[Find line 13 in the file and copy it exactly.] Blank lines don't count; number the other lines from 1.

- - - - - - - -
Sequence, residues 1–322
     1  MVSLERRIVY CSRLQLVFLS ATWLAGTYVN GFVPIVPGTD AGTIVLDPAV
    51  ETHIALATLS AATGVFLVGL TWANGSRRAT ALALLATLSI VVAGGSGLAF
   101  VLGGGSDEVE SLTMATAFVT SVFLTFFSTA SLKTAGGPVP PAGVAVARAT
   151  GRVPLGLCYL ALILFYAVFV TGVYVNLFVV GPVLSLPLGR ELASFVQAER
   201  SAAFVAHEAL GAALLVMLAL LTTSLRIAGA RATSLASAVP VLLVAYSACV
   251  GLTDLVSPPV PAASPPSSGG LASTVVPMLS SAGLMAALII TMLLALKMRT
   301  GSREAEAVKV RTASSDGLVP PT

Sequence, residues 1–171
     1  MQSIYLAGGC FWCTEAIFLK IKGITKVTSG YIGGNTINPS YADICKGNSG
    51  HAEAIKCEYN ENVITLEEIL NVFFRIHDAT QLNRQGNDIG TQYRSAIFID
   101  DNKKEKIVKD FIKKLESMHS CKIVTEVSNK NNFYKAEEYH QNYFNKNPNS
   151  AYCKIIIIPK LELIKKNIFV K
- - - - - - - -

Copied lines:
   151  AYCKIIIIPK LELIKKNIFV K